Cold Cave – Live

The Deaf Institute, Manchester 10/05/2010

By Lara Williams

Silently ambling around the stage, the carefully choreographed theatrics of their set up builds a tense anticipation. Meditatively laying out their various keyboards, fastidiously arranging synths and thoughtfully plugging in effects pedals – Cold Cave set a sombre mood, taking what feels like hours orchestrating their various electronic instruments. And then… nothing. Departing the stage, the lights dim and we are left wondering whether this ballet of sound checks and synth leads was indeed the show itself. The pause for dramatic effect works in their favour however, as the shrill reverb they enter stage right to serves to set a darkly surreal tone – a tone that is present throughout their set.

Each manning their own sort of musical work bench (with the exception of their drummer) Cold Cave line up like a less parodial Kraftwerk. Every member of Cold Cave is clearly enraptured with their various contributions, moving independently of one another yet completely in time with the music – it is an entrancing image.

Frontman Wesley Eisold’s deadpan, Ian Curtis-esque vocals (a comparison his cropped hair and khaki parka suggest he is not unfond of) and wry delivery fits perfectly within the processed percussion and programmed blips.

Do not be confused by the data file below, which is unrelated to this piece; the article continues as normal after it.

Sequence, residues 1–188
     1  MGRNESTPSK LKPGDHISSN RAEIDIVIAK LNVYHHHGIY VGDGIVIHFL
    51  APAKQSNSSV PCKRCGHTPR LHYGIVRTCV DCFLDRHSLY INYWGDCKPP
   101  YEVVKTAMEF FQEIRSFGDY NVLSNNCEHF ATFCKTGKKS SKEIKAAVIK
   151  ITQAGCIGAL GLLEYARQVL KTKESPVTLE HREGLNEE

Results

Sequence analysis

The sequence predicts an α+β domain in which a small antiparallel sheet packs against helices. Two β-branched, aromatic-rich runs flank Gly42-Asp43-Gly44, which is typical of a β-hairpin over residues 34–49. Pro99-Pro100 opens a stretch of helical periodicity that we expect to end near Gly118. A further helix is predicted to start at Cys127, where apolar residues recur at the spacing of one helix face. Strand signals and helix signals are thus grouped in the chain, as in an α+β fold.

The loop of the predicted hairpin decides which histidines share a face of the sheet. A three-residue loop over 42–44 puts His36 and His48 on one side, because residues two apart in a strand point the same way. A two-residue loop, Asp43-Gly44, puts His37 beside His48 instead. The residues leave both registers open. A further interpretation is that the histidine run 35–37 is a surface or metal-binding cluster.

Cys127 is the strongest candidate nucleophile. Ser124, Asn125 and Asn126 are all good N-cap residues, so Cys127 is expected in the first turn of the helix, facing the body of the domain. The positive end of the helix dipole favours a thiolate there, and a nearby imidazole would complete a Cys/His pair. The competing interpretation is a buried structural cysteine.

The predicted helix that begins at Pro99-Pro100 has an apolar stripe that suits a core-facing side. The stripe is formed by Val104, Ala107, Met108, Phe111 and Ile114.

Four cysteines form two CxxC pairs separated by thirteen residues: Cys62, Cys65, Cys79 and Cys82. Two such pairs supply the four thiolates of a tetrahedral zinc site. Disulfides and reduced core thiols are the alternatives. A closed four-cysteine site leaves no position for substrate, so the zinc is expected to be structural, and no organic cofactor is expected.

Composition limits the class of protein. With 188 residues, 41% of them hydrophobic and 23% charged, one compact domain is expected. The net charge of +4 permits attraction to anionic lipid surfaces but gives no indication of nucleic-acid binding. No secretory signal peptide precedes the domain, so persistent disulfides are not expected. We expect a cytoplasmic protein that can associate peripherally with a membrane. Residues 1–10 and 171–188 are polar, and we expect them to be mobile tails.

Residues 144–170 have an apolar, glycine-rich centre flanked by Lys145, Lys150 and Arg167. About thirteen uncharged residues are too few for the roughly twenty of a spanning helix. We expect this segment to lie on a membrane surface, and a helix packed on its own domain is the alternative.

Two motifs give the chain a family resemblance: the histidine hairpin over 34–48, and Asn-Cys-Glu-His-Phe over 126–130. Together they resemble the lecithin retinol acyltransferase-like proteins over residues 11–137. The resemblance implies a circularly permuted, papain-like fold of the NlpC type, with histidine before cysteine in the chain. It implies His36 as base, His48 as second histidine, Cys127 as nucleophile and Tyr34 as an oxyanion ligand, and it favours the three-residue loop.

The sugary sweet vocals and melodies overlaying the dense, scuzzy electronics of former Mika Miko singer Jennifer Clavin, provide an entrancing contrast. It is during their most danceable moment Clavin shines, cutting through the thick repetition and feedback offering a harmonious, sugary warmth. Cold Cave’s drummer demonstrated machine-like capabilities, with a controlled and meticulous style.

Tracks from last year’s Cremations were moody and intense, brimming with foreboding. Life Magazine, Cold Cave’s most ostensibly poppy song, offered a Disco-y reprieve from the distortion and was certainly a high point.

A hypnotic almost shoegaze overtone to their output divides Cold Cave from bands otherwise comparable to them – Fuck Buttons, Former Ghosts and HEALTH all make similarly fuzz-laden, experimental synth-pop, though none match the dreamy whimsy of Cold Cave.

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